“The Gentleman was as diligent to do Juftice to his fine Parts, as the Lady to her beauteous Form: You might fee his Imagination on the Stretch to find out fomething uncommon, and what they call bright, to entertain her; while fhe writhed her felf into as many different Poftures to engage him.”

In a 1793 publication of The Plays of William Shakespeare, a notation from ‘The Historical Account from the English Stage, Vol. II’ by Malone contains the following with a negative connotation:

“It appears that when Pericles was originally performed, the theatres were furnished with  no  such apparatus as  by any stretch of the imagination could be suppofed to present either a sea, or a ship…”                                                                                                                                    

They got it wrong!

This exciting second volume of phrase origins and meanings will be released on October 1, 2016. Be watching Amazon at that time!:

I promised to post some entries from my upcoming Second Volume of Most Comprehensive Origins of Cliches, Proverbs and Figurative Expressions. As I have repeatedly stated, many expressions have been wrongly credited in popular dictionaries and online sources. Here is one example which is in the new book:

Beats me^

This old idiom means “I have no idea.” In 1918, Edgar Rice Burroughs is often credited for first using it in The Land That Time Forgot, Chapter 4:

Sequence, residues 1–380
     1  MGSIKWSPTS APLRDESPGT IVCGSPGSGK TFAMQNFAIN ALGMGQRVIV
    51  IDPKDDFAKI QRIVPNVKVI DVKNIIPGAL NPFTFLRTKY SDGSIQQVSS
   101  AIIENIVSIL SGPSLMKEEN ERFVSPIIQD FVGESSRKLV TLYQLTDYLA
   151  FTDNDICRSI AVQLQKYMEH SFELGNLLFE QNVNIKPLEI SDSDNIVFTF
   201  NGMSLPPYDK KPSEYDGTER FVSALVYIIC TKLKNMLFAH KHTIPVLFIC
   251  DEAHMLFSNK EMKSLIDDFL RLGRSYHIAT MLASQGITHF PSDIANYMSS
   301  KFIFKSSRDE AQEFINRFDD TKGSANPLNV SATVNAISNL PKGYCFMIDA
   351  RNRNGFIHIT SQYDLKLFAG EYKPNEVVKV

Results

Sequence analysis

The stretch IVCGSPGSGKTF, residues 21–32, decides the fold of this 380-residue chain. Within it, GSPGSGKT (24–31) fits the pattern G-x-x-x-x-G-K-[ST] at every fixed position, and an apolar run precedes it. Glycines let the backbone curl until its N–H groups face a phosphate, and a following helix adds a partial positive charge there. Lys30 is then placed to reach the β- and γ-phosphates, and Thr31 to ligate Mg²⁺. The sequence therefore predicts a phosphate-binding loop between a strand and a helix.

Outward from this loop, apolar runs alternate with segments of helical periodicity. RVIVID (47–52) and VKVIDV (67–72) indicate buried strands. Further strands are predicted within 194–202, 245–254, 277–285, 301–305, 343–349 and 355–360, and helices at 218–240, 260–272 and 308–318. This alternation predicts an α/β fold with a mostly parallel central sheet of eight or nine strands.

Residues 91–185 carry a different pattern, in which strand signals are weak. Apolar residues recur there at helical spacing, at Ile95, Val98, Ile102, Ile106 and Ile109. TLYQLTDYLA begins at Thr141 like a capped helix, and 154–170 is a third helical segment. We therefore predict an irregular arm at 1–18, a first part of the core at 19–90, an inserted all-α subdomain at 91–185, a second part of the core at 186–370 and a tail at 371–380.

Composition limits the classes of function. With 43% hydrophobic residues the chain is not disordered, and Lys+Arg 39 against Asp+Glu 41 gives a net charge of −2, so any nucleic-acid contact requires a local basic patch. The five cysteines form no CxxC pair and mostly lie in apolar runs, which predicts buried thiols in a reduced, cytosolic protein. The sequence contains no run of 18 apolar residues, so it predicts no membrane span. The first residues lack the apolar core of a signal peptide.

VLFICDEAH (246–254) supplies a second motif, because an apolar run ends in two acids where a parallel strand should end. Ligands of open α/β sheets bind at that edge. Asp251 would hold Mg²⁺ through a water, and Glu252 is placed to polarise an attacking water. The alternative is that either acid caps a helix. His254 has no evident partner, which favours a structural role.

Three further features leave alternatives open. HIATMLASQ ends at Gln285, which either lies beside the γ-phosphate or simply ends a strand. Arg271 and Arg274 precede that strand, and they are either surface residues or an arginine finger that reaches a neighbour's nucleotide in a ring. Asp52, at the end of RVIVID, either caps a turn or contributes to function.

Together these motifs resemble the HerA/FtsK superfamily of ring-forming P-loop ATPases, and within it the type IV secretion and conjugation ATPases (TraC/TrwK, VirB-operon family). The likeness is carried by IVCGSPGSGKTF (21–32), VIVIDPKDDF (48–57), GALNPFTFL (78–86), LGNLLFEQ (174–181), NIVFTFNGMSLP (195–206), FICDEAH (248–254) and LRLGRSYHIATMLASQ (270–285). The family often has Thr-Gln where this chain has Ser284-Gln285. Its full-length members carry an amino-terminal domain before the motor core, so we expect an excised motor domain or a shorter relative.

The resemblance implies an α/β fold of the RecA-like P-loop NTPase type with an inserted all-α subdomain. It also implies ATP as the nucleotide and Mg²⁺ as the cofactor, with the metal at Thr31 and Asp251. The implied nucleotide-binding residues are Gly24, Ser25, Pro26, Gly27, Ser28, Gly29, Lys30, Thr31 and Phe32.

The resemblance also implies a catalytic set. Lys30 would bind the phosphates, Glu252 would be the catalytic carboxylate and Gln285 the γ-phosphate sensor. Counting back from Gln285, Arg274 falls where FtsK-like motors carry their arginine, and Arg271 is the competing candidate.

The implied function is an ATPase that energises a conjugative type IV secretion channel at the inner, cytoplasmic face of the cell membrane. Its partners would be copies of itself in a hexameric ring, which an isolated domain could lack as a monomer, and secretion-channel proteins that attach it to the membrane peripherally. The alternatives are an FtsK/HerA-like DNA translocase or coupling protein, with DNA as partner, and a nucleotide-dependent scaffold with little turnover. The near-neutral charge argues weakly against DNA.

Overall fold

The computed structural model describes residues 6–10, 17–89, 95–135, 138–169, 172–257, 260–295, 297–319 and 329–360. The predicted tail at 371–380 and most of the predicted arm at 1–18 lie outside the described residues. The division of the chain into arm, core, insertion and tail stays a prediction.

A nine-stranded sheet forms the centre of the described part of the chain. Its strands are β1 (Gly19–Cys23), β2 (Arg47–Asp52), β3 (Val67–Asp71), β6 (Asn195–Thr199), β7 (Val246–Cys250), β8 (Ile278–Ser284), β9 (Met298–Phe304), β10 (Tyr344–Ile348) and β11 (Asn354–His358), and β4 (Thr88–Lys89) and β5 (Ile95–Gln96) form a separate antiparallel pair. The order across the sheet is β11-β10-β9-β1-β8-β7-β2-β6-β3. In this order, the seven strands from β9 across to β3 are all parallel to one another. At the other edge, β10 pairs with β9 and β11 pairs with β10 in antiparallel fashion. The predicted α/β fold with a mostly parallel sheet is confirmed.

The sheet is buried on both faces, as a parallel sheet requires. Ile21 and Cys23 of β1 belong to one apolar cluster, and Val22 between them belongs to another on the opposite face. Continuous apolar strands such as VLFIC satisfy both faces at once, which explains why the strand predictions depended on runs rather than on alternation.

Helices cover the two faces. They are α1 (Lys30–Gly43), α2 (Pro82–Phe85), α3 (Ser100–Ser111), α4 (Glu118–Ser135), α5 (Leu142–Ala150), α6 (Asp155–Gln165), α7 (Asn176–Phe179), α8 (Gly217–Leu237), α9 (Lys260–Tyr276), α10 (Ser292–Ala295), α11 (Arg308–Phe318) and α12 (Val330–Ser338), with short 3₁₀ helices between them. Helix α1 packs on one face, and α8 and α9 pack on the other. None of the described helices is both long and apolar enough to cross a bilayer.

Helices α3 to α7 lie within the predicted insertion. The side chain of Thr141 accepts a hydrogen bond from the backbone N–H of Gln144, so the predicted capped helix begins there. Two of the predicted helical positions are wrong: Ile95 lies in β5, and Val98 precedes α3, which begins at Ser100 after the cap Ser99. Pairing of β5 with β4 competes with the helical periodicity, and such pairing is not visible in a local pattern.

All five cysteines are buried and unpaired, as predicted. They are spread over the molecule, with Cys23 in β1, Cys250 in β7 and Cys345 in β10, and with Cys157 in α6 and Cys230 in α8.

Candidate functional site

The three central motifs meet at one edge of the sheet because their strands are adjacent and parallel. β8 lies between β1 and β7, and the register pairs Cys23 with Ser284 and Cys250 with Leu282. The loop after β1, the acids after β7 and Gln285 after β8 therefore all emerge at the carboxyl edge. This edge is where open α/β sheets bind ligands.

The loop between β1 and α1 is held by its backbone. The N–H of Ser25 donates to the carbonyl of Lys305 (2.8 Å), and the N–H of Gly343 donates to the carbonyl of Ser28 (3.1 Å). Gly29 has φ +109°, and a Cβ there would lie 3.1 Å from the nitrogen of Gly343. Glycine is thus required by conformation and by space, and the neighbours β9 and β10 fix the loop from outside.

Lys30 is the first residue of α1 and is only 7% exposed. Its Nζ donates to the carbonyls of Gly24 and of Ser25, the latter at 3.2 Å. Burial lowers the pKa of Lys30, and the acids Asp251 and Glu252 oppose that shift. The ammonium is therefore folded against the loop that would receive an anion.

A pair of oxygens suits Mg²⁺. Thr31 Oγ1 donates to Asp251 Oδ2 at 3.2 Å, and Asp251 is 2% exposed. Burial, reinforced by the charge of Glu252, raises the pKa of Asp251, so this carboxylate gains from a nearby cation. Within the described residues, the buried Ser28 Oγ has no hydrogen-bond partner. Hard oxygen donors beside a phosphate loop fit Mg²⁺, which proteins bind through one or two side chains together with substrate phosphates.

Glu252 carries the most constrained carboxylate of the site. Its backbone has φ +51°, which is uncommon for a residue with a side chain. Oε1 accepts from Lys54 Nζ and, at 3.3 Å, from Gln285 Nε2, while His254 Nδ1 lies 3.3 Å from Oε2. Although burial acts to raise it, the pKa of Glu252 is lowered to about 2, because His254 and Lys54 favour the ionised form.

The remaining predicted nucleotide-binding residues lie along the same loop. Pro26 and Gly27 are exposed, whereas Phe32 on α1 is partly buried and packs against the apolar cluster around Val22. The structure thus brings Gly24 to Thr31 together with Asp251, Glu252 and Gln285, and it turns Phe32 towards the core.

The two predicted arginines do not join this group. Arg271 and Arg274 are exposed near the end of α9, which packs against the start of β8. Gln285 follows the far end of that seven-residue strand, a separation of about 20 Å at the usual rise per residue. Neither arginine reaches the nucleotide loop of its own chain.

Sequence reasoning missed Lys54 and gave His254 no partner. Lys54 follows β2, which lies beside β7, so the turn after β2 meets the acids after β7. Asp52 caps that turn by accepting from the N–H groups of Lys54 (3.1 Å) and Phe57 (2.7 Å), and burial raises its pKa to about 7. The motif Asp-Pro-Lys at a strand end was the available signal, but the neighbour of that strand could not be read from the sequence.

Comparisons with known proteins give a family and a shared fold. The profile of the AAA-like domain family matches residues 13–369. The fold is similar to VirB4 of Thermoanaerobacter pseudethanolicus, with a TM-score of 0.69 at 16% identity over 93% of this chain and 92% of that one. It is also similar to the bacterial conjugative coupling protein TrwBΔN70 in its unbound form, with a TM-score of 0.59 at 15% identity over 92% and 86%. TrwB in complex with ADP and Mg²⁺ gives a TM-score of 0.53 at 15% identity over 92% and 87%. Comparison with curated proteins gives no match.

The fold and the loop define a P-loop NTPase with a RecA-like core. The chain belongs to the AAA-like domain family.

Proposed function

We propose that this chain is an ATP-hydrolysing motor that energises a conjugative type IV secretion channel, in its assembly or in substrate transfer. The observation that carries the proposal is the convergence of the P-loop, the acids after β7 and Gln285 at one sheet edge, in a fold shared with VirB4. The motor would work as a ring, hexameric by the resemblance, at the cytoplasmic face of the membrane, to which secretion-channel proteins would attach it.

“‘Flowering shrubs don’t thrive in the subterranean caverns from which geysers spring,’ suggested Bradley. Olson shook his head. ‘It beats me,’ he said.”

Again, wrong! It was in use figuratively as early as 1824 on page 57, in Douglas, A Tragedy, by John Home, Reduced to Scottish Rhyme, Chiefly the Broad Buchan Dialect:

 Norv. Weel, I am in a primonirie now— ‘Completely beats me how I’m to get through.’”

First peek at the new book front!

In just over three months the new Most Comprehensive Origins of Cliches, Proverbs and Figurative Expressions Volume II containing over 1,000 brand new entries will be released. It is with the editor being polished up, and today I am posting the first look at the front cover! It has many hundred new Americanisms, a few hundred British idioms, and quite a few which are exclusively used in Australia and New Zealand. It has numerous proverbs and quotes not included in the original or its revisions, and even a few oxymorons which have become cliche. Stay tuned to my blog for updates.

COMPREHENSIVE COVER 6-4-16b.jpg